LMP299Y1 Lecture Notes - Lecture 10: Hypergonadotropic Hypogonadism, Hypogonadotropic Hypogonadism, Secondary Sex Characteristic

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Published on 12 Apr 2013
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LECTURE TEN: INFERTILITY
INFERTILITY
Definition: failure to conceive after one year of regular, unprotected intercourse.
Causes of infertility:
- Male factors, 40%
* NOTE: assessment of male is equally important as female
- Female factors, 50%
- Unknown, 10%
In female, endocrine abnormalities are found in 1/3 of cases
* Hormone dysfunction is a rare cause of male infertility.
SEX STEROID HORMONES
Sources: Gonads (testis and ovary) and peripheral conversion (adrenal & adipose tissues)
Testosterone and androgens
*in women, 1/2 from ovary & 1/2 from peripheral conversion of dehydroepiandrosterone (DHEA) and
DHEA-Sulphate (DHEAS) secreted by adrenal cortex.
* DHEAS, marker in differential diagnosis of the source of excessive androgen production in women
Estradiol and estrogens
*In normal male, estradiol present in low concentrations.
Sex hormone-binding globulin (SHBG)
- Higher affinity for testosterone than for estradiol
- Estradiol stimulates SHBG synthesis in liver; testosterone decreases it.
- The plasma concentration of SHBG in females is twice that in males
- Factors which alter SHBG concentration alter the ratio of unbound testosterone to unbound estradiol.
CONTROL OF TESTICULAR FUNCTION
- Negative feedback by the testosterone
- This hormone is more potent
than testosterone (it is made
from testosterone) and it is
important in male genital
formation and also in puberty
(male sexual features and
secondary sexual characteristics)
DISORDERS OF MALE SEX HORMONES
Hypogonadism:
Primary: hypergonadotropic hypogonadism testicular failure
- Congenital defects
- Acquired defects
Secondary and tertiary: hypogonadotropic hypogonadism
- Pituitary tumors
- Hypothalamic disorders, e.g. Kallmann’s syndrome (GnRH def.)
* GnRH stimulation test for investigation of the causes
Defects in androgen action sexual differentiation
- Testicular feminization syndrome (Androgen Insensitivity Syndrome due to androgen receptor def.)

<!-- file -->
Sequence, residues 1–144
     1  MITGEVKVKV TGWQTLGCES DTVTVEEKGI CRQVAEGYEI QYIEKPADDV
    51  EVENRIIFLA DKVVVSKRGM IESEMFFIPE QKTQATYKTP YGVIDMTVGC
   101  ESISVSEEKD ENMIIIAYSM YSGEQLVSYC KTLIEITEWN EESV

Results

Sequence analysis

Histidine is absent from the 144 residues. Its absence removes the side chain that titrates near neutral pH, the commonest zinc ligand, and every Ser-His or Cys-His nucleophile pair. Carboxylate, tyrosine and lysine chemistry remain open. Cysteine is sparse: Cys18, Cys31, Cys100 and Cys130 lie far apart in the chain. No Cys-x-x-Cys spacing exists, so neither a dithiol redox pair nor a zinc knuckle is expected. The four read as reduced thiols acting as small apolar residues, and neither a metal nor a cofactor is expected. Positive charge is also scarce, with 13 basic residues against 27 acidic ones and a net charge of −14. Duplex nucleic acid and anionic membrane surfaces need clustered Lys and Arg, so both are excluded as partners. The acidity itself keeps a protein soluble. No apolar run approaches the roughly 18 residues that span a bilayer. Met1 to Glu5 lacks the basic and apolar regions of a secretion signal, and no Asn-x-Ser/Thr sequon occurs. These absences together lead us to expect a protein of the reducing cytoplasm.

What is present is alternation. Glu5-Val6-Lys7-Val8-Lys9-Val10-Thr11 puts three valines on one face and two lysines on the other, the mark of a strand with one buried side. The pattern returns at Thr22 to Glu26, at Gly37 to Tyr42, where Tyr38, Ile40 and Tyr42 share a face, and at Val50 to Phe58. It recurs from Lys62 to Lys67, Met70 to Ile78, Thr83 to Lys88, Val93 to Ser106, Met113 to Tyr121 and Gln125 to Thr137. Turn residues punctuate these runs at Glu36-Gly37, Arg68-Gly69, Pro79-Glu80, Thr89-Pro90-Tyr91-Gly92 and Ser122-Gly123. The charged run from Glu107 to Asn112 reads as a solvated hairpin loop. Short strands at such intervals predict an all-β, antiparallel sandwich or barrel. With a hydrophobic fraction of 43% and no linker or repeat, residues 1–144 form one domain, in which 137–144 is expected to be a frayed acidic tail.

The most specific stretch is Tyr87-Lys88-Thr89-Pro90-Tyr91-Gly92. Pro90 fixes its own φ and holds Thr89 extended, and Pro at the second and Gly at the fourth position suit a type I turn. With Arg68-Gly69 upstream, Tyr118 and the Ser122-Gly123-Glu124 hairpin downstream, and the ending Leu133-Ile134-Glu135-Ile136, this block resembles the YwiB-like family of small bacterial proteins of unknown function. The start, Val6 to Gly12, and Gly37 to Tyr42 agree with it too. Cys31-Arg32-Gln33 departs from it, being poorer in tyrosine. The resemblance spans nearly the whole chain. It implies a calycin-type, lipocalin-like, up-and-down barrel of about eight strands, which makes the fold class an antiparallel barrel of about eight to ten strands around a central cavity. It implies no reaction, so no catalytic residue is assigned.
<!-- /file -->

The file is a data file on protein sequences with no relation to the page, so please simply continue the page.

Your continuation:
- 5α-reductase deficiency (DHT deficiency, only affect chromosomal 46XY males)
INVESTIGATION OF INFERTILITY IN MEN
History and examination
Spermanalysis
No further
endocrine test Normal Abnormal
Measure
testoste
rone,
FSH, LH,
prolacti
n
Testosterone Testosterone Prolactin
Gonadotrophins Gonadotrophins
Testicular failure Hypogonadotrophic
Hyperprolactinemia
Different enzymes
convert
testosterone into
different products
This is important in the
conversion of
testosterone to
estradiol (estrogen)
(DHT)
FSH and LH (since
there is lack of
feedback)
Pituitary tumor
may be producing
larger amounts of
prolactin
Primary hypogonadism hypogonadism
NORMAL MENSTRUAL CYCLE
THE BASICS
o Selective secretion of FSH and LH during ovulatory cycles reflects changing GnRH pulse stimuli
o Slow frequency pulses favor FSH; more rapid pulses favor LH.
o Selective inhibitory feedback of estradiol and inhibin on FSH release, plus positive actions of ovarian steroids on
LH, combine to produce the two essential features of an ovulatory cycle
o A massive increase in LH release to produce ovulation at mid-cycle
o Selective monotonic elevation of FSH in the late luteal to early follicular stages; FSH rise initiates the next wave
of follicular maturation (next cycle).
EVALUATION OF OVULATION
Progesterone measurement (if it is increased then there is ovulation)
- beginning rise immediately after ovulation
- Peak within 5 to 9 d during the mid-luteal phase (days 21-23)
- If pregnant, hCG stimulates corpus luteum, progesterone rise continues
Basal body temperature
- Biphasic if ovulation occurring
This is either pituitary or hypothalamus defect
Hormones form the hypothalamus are released in pulses
If there is no pregnancy
then the progesterone
decreases
Progesterone increase after
ovulation released by the
corpus luteum
The red line
shows the
estrogen